On the New York Times' facebook feed, there has been a lot of discussion about this article:
Philadelphia School Battles Students’ Bad Eating Habits, on Campus and Off . So many people contended that good nutrition starts at home and it should be the parent's job to make sure that their children are eating healthier foods. I have no problem with educating kids and parents on healthier foods. I get fliers home all of the time about what my child has learned in school about healthy eating and exercise. Our doctor, also, gives us lots of information about healthy eating and asks what my child has been eating and how much he exercises. The Times' article talked about groups of parents going to neighborhood bodegas and asking that they not sell chips and sodas to kids for breakfast. Can you imagine teaching a group of children who had Doritos and Pepsi for breakfast? What if you got them the next period, after they had come down from their sugar high?
The schools, however, can also help a great deal. Let's not forget that many children receive school lunches and breakfasts. That's 2 out of 3 meals not eaten in the home. Sometimes what is served in schools is there because of corporate lobbying by particular manufacturers of food, or by what is convenient for staff to make. With a few simple changes, children could be getting meals in school that could help their brains grow and learn. Jamie Oliver has helped to reform the British school system's school lunch program, and partners with parents to help them feed their kids healthy foods.
Monday, March 28, 2011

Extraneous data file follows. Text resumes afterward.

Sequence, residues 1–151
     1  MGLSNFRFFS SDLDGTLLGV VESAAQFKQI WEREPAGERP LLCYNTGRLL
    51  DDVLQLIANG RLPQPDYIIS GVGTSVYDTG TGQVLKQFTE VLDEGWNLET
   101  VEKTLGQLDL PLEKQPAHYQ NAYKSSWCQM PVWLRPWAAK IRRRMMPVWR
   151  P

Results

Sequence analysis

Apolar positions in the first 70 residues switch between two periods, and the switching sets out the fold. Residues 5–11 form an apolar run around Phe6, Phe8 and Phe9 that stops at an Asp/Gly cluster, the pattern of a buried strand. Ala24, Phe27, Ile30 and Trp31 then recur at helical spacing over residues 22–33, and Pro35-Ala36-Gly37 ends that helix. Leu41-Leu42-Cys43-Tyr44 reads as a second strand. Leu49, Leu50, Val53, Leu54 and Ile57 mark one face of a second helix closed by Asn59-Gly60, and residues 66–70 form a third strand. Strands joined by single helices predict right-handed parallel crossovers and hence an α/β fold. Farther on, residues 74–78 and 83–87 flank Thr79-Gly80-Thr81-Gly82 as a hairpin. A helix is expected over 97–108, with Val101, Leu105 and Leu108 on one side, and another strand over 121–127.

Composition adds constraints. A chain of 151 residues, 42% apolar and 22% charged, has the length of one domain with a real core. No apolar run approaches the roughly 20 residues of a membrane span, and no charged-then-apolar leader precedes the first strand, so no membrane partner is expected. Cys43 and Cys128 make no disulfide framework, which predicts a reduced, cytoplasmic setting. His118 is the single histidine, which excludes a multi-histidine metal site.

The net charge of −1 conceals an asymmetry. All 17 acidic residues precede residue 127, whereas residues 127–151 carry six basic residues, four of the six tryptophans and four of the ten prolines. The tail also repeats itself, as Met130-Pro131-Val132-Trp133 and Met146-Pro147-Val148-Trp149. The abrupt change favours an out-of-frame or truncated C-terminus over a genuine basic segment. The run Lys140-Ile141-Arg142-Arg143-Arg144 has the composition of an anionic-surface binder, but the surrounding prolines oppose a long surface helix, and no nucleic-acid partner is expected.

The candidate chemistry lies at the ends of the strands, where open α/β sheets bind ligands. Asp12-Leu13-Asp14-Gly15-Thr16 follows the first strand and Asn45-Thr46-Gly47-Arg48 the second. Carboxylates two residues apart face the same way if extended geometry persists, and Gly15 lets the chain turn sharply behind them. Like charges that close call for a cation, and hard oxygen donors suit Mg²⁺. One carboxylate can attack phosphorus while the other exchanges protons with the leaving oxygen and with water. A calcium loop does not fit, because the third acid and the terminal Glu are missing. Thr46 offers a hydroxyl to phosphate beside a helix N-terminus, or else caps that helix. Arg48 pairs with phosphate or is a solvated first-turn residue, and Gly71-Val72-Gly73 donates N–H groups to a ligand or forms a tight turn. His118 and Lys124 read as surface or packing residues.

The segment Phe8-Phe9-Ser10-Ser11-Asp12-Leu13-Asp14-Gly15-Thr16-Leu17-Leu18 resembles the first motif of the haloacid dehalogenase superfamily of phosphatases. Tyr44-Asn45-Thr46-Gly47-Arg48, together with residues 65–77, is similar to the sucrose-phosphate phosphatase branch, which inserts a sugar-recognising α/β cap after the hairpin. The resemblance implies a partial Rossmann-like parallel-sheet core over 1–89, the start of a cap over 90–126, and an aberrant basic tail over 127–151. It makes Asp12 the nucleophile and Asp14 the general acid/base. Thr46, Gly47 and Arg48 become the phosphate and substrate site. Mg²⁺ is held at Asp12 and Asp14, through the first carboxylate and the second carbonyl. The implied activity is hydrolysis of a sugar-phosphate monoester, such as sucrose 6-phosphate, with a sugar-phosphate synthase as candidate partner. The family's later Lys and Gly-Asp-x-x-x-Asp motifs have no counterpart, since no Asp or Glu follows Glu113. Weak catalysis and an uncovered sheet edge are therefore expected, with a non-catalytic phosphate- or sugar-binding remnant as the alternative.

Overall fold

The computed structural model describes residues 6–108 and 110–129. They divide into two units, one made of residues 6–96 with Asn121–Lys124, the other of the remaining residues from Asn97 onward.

Sunday, March 27, 2011
|Lands' End, now $79.99|
|Norma Kamali Trench and boots Walmart.com $47|
|Gap trench coat $88.98-$98, petite and tall avail.|
|Boden Rainyday Duffle, $148 |
Trench coats really are everywhere right now. From Burberry to Walmart, there is a wide range of this classic style. I have a London Fog, but have decided that it's too dated and dowdy to wear another season (I get a sinking feeling when I put it on). The Boden coat shown is a duffle, so not actually a trench, but I love it's classic style anyway and it's wallpaperish pattern. I'm not a big celebrity watcher, but Kate Middleton looked great in a trench coat when I saw her on tv when I was at the Y in the gym. So, trench or duffel? Most trench coats come in classic colors: black, khaki, maybe olive drab. A few places, like Lands' End and Walmart, have branched out to making fuchsia, bright green, and red. Lined coats offer more warmth for cooler days. Which one is your favorite?
Wednesday, February 2, 2011
This is not a brag. I don't mean it to be, anyway.
My kids got up today and it's a snow day. I offered to make muffins for them, to make the day more special. They said they wanted pancakes. I was reading to my son, so I asked my daughter to pull the Joy of Cooking off the shelf and look up the recipe in the index. They got the idea of making the pancakes themselves. My daughter got out the flour: whole wheat and white. "Where is the baking powder?" I heard from the kitchen. Now, they are both out there. "Careful cracking the eggs!"
I put the butter in the pan and got the temperature up to medium-high. Batter in, we watch for bubbles. Flip. A little too light, didn't flip quite right. Wait. Flip again. Ready!
They eat, knowing that they made them themselves. They taste better that way.
Saturday, January 15, 2011
Currently in my vintage shop and all over my house: mid-century era swim locker baskets. I have them on the back porch (which is cold) holding onions and clementines, in the bathroom closet holding cold remedies and vitamins, in my daughter's room holding shoes and next to my bed, holding books and magazines.
I bought 3 large racks with 43 baskets each. The racks are so heavy and have some rust on them, that I may end up giving them away on craigslist. But everyone who has bought the baskets seems to like them and I have found them to be a great looking way to contain some of my clutter.
Happy New Year!